Higher quality hospitals should be incentivized to focus on improving safety and other services that look at outcomes like mortality, Jha says. For example, it may be that higher quality care results when hospitals and doctors closely track their patients after they are discharged, and rush to rescue them when they get in trouble.
Jha had his analyst run the numbers on the latest list of "best hospitals" named by U.S.News & World Report, which revealed that most of these hospitals do look lopsided. "What you see is a pattern where the best hospitals tend be very low on mortality rates, but tend to be high in readmissions," he says.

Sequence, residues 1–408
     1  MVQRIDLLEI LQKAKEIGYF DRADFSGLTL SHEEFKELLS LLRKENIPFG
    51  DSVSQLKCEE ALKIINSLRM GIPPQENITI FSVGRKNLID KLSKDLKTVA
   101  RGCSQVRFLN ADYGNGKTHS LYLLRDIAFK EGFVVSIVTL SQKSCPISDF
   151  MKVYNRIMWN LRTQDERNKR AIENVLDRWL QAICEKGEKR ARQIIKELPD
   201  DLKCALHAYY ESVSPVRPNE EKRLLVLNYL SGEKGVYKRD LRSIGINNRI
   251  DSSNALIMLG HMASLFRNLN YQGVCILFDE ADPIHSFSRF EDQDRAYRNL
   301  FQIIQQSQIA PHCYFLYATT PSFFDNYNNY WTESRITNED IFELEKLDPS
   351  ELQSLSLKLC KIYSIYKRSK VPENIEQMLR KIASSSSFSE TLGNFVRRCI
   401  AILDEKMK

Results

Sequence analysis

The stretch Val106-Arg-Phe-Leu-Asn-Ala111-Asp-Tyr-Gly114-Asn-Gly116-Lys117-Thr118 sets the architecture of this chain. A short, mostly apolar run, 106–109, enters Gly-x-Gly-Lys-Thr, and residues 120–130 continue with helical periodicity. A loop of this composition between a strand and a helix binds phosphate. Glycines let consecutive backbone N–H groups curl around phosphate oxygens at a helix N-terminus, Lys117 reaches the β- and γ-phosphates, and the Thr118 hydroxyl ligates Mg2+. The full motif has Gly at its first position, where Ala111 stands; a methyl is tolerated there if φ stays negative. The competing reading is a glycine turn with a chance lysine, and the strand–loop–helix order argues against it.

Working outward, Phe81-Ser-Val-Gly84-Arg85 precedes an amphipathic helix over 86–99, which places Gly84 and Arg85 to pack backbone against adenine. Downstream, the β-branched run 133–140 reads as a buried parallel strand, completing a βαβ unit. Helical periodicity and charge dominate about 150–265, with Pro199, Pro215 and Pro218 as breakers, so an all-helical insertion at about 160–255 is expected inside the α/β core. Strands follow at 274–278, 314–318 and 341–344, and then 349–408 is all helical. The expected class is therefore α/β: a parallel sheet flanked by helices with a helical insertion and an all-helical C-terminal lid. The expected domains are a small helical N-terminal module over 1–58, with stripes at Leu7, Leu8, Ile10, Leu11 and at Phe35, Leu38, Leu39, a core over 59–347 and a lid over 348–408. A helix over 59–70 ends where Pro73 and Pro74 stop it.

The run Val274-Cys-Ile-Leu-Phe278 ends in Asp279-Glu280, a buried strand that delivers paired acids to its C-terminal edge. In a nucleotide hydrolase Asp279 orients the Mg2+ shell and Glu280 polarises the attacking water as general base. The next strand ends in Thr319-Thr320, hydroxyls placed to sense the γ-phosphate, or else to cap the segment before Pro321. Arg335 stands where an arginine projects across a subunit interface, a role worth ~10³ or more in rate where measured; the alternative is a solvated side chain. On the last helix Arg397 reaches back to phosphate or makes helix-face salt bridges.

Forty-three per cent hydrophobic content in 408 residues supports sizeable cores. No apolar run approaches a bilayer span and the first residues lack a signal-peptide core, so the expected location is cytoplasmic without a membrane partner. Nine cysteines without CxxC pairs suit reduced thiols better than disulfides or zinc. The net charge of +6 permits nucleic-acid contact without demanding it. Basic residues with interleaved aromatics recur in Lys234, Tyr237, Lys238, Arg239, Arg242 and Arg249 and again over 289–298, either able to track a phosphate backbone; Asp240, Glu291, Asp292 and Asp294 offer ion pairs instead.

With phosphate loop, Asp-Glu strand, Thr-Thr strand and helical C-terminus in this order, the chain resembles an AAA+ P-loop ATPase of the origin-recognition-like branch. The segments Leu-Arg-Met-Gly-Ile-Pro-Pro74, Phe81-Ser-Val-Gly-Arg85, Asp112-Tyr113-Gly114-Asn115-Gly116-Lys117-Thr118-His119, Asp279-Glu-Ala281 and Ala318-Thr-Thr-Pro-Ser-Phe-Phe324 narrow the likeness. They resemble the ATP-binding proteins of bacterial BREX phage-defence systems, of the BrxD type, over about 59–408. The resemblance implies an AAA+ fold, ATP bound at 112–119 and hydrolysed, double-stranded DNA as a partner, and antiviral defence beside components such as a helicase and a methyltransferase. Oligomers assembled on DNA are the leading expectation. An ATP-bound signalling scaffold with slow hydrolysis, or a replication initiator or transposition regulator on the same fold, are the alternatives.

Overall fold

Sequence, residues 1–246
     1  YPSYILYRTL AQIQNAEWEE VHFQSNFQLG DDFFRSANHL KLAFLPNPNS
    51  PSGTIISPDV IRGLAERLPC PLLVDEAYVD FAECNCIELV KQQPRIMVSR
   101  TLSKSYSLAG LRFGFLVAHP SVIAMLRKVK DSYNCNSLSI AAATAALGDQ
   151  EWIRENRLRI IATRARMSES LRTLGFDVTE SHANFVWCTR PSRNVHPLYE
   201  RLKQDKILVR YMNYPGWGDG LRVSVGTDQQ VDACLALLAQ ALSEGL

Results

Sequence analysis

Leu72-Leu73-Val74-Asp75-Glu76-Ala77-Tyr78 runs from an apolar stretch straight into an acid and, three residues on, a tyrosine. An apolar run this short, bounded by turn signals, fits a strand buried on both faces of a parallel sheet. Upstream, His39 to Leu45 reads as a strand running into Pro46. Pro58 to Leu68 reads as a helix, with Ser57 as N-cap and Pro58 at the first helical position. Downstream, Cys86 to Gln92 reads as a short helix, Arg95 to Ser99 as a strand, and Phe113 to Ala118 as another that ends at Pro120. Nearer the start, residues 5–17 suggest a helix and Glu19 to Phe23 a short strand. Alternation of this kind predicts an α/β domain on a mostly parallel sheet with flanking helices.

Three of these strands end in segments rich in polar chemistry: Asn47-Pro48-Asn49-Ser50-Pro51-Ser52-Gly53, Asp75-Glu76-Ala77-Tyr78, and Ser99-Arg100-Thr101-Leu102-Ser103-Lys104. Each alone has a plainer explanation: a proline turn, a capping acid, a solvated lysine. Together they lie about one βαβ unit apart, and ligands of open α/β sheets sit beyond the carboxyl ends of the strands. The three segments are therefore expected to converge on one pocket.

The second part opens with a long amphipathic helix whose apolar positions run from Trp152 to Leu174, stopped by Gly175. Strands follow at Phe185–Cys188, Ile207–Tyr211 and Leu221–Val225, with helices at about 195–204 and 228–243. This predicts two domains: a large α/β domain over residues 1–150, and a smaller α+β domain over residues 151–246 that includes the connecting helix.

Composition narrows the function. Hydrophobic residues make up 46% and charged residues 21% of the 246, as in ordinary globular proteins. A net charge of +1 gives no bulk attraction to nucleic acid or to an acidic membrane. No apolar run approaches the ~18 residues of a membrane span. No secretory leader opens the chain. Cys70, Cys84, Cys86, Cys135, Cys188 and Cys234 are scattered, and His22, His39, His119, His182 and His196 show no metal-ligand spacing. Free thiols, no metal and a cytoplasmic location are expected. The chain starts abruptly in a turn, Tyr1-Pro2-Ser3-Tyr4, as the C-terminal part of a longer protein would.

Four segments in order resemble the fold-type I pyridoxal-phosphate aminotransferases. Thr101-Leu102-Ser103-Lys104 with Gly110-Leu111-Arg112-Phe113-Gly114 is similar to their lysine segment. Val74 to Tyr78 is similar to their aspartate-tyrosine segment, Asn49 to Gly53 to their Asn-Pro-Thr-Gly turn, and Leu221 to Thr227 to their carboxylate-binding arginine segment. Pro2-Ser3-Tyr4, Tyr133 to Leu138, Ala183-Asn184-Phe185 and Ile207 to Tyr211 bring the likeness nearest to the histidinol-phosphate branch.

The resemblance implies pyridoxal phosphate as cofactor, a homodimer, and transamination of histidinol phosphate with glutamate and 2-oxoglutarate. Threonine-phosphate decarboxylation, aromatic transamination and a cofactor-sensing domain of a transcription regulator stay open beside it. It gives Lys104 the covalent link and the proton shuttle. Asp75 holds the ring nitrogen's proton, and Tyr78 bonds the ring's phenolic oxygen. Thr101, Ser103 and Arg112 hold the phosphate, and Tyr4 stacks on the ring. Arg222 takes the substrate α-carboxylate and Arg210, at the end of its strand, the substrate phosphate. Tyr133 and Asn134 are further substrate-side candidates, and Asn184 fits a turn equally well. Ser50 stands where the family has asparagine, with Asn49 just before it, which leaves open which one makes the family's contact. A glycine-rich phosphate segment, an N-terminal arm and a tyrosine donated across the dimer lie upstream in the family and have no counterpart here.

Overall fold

Jha made similar comments to journalists attending the Association of Health Care Journalists conference in Atlanta on Sunday.
I noted that for some hospitals the difference is particularly stark.
On Medicare's current Hospital Compare spreadsheet I found Exhibit A: Beth Israel Deaconess Medical Center in Boston, which is "better than" other U.S. hospitals in 30-day mortality rates for all three measured disease categories—heart attack, pneumonia and heart failure.
But Beth Israel is "worse than" other hospitals in 30-day readmission rates in those same diagnoses, and therefore is ripe for a steep readmission penalty starting Oct. 1.